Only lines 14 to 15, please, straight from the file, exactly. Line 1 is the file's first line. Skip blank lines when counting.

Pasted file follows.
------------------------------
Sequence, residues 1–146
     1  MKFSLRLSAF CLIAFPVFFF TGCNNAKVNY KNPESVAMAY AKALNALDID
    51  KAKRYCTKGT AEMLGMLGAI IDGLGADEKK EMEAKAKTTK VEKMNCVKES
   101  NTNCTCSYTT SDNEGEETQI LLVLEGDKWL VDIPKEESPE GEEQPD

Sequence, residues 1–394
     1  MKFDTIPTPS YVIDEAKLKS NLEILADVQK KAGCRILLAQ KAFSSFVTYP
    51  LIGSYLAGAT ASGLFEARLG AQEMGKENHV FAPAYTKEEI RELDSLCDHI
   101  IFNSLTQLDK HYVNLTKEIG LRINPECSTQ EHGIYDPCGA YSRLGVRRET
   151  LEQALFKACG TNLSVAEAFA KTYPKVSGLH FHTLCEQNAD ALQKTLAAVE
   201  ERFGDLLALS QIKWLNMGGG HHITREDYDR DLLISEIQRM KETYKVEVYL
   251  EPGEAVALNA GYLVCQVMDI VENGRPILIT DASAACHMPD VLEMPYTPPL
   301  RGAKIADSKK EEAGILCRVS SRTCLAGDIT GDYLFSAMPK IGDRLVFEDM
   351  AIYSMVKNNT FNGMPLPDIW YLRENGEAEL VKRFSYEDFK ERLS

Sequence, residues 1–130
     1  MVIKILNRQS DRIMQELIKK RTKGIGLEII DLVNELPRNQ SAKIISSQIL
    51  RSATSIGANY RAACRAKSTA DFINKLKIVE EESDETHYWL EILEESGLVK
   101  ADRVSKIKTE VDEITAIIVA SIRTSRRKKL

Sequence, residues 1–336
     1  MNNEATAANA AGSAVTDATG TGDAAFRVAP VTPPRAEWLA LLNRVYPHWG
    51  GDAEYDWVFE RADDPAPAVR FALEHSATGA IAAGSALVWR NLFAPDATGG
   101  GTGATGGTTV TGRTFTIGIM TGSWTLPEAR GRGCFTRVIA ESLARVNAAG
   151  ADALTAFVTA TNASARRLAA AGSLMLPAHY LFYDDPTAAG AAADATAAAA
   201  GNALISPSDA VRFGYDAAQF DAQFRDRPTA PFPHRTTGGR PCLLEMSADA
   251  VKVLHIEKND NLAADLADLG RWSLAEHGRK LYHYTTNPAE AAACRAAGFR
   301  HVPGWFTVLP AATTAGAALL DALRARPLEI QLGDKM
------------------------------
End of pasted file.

Sequence, residues 1–130
     1  MVIKILNRQS DRIMQELIKK RTKGIGLEII DLVNELPRNQ SAKIISSQIL